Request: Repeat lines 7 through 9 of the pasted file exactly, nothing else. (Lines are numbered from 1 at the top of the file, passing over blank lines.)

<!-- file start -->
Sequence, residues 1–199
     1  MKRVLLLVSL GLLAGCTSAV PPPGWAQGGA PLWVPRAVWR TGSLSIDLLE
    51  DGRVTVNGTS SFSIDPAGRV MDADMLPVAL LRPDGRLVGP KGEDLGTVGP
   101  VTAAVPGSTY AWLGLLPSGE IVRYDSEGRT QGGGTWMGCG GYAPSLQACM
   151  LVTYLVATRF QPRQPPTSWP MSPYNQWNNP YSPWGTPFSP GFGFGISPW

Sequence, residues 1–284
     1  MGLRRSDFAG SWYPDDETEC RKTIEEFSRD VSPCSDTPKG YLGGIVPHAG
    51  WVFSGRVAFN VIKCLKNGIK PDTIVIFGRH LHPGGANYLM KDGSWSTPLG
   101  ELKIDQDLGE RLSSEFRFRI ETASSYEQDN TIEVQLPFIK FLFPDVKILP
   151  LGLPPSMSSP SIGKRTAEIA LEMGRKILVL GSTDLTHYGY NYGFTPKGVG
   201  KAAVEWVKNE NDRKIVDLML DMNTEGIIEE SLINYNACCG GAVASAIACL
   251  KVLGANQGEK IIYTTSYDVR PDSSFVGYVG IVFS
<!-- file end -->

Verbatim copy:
     1  MGLRRSDFAG SWYPDDETEC RKTIEEFSRD VSPCSDTPKG YLGGIVPHAG
    51  WVFSGRVAFN VIKCLKNGIK PDTIVIFGRH LHPGGANYLM KDGSWSTPLG
   101  ELKIDQDLGE RLSSEFRFRI ETASSYEQDN TIEVQLPFIK FLFPDVKILP